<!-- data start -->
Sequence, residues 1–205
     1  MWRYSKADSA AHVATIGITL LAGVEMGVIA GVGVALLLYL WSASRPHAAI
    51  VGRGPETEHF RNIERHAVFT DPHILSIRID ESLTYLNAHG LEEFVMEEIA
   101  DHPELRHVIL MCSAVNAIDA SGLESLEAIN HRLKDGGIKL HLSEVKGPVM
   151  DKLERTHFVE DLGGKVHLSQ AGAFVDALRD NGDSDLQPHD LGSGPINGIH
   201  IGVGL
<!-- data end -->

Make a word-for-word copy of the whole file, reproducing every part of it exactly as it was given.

Sequence, residues 1–205
     1  MWRYSKADSA AHVATIGITL LAGVEMGVIA GVGVALLLYL WSASRPHAAI
    51  VGRGPETEHF RNIERHAVFT DPHILSIRID ESLTYLNAHG LEEFVMEEIA
   101  DHPELRHVIL MCSAVNAIDA SGLESLEAIN HRLKDGGIKL HLSEVKGPVM
   151  DKLERTHFVE DLGGKVHLSQ AGAFVDALRD NGDSDLQPHD LGSGPINGIH
   201  IGVGL